The Wilful Eye Review by Australian Book Review
Content of May 2011
It is the shared mythology of fairy tale that binds the six stories in The Wilful Eye. Isobelle Carmody and Nan McNab gave twelve writers (six in this volume, including Carmody, six in a volume to follow, including McNab) a simple brief: explore a fairy tale through the short story form. The only rule: no two writers could choose the same tale. The first volume includes stories by Margo Lanagan (‘Catastrophic Disruption of the Head’), Carmody (‘Moth’s Tale’), Rosie Borella (‘Eternity’), Richard Harland (‘Heart of the Beast’), Margaret Mahy (‘Wolf Night’), and Martine Murray (‘One Window’). Each story is followed by a short ‘Afterword’ from its respective author, about which fairy tales were chosen and why, and how they were altered. These superfluous exegeses are by far the weakest links in the collection. Part of the enjoyment in reading the stories lies in determining which fairy tales they were based on; complete in themselves, these stories do not need further comment or explication.
Fairy tales are a neat fit for the Young Adult category. Traditionally, such stories were not intended exclusively for children; they were altered to make them ‘suitable’. In this collection, they are reinvigorated with the often gritty realism common in contemporary Young Adult fiction. Here it is employed to haul the original essences of the tales back to the surface so that readers, of all ages, will be drawn to the magic and the truth in each.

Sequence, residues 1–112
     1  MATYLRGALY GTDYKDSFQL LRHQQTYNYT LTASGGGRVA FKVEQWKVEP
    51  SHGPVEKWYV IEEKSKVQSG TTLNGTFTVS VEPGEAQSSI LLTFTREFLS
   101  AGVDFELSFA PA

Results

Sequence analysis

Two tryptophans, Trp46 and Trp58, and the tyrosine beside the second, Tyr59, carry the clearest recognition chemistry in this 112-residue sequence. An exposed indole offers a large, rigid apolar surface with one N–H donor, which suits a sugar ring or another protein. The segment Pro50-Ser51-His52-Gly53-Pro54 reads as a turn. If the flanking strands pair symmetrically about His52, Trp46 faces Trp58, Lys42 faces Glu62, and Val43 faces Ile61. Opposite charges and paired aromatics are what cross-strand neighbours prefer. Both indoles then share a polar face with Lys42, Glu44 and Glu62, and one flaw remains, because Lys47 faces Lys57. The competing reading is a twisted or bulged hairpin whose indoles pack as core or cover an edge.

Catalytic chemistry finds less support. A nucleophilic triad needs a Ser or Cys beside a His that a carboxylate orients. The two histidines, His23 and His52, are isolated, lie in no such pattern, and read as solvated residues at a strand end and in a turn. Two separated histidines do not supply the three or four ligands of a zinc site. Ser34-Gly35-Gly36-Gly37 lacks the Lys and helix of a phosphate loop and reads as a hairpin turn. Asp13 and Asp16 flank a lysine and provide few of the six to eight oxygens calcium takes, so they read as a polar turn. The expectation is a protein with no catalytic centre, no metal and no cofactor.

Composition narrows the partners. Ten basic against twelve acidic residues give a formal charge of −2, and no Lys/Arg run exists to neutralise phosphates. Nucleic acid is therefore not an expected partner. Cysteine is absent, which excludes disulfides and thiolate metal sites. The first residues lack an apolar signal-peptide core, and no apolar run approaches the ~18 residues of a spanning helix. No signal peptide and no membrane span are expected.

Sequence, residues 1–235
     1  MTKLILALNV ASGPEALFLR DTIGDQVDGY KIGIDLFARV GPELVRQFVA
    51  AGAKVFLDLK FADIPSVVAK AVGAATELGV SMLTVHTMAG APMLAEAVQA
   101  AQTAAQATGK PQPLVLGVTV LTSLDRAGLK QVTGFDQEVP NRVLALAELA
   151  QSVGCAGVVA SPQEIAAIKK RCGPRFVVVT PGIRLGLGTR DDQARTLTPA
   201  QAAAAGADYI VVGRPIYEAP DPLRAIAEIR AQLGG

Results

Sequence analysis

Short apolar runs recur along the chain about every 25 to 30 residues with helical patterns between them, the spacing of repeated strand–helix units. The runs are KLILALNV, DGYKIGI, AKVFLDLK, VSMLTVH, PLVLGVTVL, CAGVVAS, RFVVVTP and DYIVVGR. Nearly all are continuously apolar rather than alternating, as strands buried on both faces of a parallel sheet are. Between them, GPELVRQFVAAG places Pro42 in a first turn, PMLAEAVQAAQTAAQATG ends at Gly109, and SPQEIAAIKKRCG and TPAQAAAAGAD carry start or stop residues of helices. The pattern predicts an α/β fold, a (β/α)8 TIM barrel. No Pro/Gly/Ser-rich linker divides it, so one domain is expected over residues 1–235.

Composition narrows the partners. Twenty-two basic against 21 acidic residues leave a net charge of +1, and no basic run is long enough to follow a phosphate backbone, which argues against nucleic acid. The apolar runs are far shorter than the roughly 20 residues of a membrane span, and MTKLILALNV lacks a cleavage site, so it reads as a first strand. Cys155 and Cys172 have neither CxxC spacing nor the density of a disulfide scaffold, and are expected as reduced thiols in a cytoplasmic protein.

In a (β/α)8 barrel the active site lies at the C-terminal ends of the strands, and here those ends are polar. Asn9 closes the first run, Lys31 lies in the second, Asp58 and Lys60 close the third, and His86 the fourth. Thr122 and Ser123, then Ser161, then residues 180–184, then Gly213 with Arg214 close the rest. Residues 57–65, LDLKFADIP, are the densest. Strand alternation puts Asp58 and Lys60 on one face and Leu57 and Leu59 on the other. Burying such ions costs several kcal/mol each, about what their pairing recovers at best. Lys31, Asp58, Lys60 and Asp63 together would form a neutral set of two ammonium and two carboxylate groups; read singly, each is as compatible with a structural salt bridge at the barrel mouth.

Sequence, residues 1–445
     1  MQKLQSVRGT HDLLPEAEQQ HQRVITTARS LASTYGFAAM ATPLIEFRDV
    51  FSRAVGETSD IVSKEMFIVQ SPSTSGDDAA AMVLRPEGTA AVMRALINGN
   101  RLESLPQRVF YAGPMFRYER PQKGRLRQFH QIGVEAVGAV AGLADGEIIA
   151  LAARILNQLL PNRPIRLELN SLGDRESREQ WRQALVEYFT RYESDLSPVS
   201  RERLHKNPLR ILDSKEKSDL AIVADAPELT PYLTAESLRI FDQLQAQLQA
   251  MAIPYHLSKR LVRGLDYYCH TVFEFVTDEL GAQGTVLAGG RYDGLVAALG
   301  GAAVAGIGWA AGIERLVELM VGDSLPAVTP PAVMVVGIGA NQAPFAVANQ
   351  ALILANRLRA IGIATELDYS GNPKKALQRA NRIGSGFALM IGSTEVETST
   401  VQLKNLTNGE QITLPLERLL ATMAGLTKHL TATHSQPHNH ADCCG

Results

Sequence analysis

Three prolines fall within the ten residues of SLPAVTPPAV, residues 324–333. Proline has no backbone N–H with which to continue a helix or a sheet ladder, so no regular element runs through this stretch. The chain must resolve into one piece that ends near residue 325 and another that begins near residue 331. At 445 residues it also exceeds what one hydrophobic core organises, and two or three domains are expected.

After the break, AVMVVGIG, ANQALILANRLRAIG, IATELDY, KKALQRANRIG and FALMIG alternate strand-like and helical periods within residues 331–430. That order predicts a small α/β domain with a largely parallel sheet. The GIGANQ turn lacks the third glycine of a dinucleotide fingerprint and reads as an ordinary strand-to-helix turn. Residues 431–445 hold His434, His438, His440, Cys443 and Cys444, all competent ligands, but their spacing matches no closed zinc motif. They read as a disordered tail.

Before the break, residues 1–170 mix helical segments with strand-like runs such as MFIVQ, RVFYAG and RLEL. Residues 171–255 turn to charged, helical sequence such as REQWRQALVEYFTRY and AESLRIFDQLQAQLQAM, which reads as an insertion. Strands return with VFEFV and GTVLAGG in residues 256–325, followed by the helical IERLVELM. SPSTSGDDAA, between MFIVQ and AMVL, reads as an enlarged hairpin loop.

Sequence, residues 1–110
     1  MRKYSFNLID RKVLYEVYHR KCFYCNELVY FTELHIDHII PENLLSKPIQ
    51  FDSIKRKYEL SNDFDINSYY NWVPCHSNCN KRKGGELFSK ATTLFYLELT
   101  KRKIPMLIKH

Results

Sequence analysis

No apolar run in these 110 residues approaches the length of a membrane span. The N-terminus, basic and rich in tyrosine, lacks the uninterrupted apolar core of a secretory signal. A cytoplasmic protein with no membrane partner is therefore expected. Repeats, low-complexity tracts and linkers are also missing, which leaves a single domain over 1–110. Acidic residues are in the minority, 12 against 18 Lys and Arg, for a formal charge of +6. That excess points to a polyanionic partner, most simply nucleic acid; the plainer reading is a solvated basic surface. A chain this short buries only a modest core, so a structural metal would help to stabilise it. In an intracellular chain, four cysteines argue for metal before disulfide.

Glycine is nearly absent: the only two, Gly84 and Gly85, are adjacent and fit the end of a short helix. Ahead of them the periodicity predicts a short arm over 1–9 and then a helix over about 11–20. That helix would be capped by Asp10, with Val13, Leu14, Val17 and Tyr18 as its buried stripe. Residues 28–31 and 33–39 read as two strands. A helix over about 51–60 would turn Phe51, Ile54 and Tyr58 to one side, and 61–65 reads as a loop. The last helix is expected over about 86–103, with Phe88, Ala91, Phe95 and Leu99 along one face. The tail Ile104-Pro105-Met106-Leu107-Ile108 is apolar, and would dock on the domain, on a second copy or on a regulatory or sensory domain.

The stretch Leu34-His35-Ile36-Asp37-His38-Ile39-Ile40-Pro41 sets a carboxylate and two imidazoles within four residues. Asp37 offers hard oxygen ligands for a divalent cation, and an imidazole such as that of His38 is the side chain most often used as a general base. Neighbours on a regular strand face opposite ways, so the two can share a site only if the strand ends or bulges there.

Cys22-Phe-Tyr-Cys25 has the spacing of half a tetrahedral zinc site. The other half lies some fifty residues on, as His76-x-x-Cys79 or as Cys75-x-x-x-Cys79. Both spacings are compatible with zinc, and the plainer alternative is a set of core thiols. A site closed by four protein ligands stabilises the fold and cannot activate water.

In her offering, Lanagan deals with the consequences of the heinous acts that fairy-tale ‘heroes’ often commit, and that are usually glossed over, in the pursuit of their goals. Murray deals with another type of hero in her crippled Soldier, but his innocence stands him apart from Lanagan’s narrator. Borella plays with an icy metaphor as her heroine takes to the streets to rescue her drug-addicted best friend. Mahy also invokes a cityscape, but hers is made wild and more dangerous by a reversion to the wild woods on which suburbia was built, and by the inclusion of a sinister stepfather. The stories of Carmody and Harland are closer to their source material in setting and tone, but no less rigorous in their examinations and explorations.
Each writer’s style is necessarily different, but the themes in the collection pull their stories together. Women, it is generally agreed, got short shrift in the Andersen and Brothers Grimm retellings of older tales (though there is a shining exception here), and daughters in particular had better watch out, but ultimately these are not feminist re-imaginings. Rather, the writers in The Wilful Eye imbue all of their characters, including the villains, with a deep sense of psychological realism, producing often tender, engaging, and insightful results. Unnamed soldiers and hideous beasts are given a voice, even if that voice is at times unsettling, and wolves are still wolves, however they disguise themselves.